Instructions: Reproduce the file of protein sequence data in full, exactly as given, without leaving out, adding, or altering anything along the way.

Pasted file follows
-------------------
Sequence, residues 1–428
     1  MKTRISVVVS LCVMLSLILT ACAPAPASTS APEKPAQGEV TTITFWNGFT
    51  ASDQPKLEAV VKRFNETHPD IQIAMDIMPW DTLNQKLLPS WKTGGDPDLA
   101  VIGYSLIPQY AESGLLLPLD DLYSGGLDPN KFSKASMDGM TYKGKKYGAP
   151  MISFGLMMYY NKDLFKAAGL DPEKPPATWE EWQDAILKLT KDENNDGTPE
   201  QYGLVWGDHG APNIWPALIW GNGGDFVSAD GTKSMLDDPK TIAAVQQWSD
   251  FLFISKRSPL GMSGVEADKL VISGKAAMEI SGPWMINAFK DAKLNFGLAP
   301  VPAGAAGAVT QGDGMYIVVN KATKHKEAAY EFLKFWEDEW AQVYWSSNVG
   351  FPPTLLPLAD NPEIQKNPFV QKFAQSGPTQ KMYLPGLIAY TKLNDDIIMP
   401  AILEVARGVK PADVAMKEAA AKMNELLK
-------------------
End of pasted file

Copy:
Sequence, residues 1–428
     1  MKTRISVVVS LCVMLSLILT ACAPAPASTS APEKPAQGEV TTITFWNGFT
    51  ASDQPKLEAV VKRFNETHPD IQIAMDIMPW DTLNQKLLPS WKTGGDPDLA
   101  VIGYSLIPQY AESGLLLPLD DLYSGGLDPN KFSKASMDGM TYKGKKYGAP
   151  MISFGLMMYY NKDLFKAAGL DPEKPPATWE EWQDAILKLT KDENNDGTPE
   201  QYGLVWGDHG APNIWPALIW GNGGDFVSAD GTKSMLDDPK TIAAVQQWSD
   251  FLFISKRSPL GMSGVEADKL VISGKAAMEI SGPWMINAFK DAKLNFGLAP
   301  VPAGAAGAVT QGDGMYIVVN KATKHKEAAY EFLKFWEDEW AQVYWSSNVG
   351  FPPTLLPLAD NPEIQKNPFV QKFAQSGPTQ KMYLPGLIAY TKLNDDIIMP
   401  AILEVARGVK PADVAMKEAA AKMNELLK